Improved research, targeted interventions key to improving college students' mental health
Q&A with Sara Abelson, PhD '22
As the number of college students in need of mental health services sharply increased in the last decade, college administrators have struggled to keep up, often implementing interventions with little or no research proving their effectiveness.
Now, a comprehensive review of mental health interventions shows that colleges and universities have a range of evidence-based interventions to pursue. The review highlights interventions, like mindfulness programs involving supervised skill practice, that are more effective than other approaches. It also highlights policies and practices pursued by colleges that no doubt influence, and in some cases likely harm, student mental health but that have received no attention in the evaluation literature.
The analysis evaluated mental health interventions at five different levels (individual, interpersonal, community, institutional, public policy) and provides a road map for college administrators and funders to put their efforts behind evidence-based interventions.
We discuss the study with Sara Abelson, lead author of "Mental Health in College Populations: A Multidisciplinary Review of What Works, Evidence Gaps, and Paths Forward”. She was inspired to create the resource she wished was available in her nearly two decades of helping colleges and universities better address student mental health. She discusses the paper, which she did while a doctoral candidate at the University of Michigan School of Public Health.
Why is this research relevant?
There's a real need to know and understand the specific interventions and programs that schools can and should pursue. We know that student mental health and wellbeing is essential to academic success, to career success, to lifelong outcomes for our students.
And we know student mental health challenges are a growing issue at colleges and universities nationwide. The number of students reporting distress has approximately doubled from 2009 to 2019. Similarly, students are seeking mental health care at increasing rates.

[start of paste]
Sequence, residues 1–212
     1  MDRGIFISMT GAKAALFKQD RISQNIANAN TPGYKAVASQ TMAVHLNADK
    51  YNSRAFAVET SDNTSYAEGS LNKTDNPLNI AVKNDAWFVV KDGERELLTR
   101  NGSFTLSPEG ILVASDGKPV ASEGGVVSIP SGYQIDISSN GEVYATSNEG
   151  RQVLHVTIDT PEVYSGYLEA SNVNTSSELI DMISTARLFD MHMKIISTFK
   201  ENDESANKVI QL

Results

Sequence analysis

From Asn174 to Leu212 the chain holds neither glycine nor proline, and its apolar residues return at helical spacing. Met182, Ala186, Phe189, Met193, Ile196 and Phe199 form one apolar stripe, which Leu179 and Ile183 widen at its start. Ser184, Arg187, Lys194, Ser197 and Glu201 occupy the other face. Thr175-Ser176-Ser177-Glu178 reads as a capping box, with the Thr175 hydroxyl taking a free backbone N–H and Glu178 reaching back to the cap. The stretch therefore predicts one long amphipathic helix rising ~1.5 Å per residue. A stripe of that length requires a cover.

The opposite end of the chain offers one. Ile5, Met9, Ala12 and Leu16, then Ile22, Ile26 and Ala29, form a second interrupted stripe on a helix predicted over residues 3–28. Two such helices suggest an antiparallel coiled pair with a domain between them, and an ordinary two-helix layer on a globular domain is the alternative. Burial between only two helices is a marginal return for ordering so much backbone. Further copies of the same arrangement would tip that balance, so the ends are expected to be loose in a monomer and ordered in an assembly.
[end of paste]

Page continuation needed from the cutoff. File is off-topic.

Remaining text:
Colleges and universities are struggling to keep up and won’t be able to if they pursue treatment approaches alone. College leaders and decision makers need better resources for understanding what works and what doesn't work to promote mental health, to prevent mental health problems, and to intervene when students are struggling.
So that is what we embarked on with this paper. We took a public health approach and broadly reviewed the science and evidence behind programs, policies, and practices to promote mental health, to prevent mental health disorders, and support the growing portion of students in higher education who are experiencing depression, anxiety, eating disorders, suicidality, and other mental health disorders.
How did you go about doing this research?
The paper identifies and categorizes a tremendous range of possible interventions and approaches for colleges and universities to pursue. And it reviews the evidence base for each to shed light on what is most effective, what is least effective, and where we really need more research to better understand what we should be doing as institutions and as society to address this public health challenge.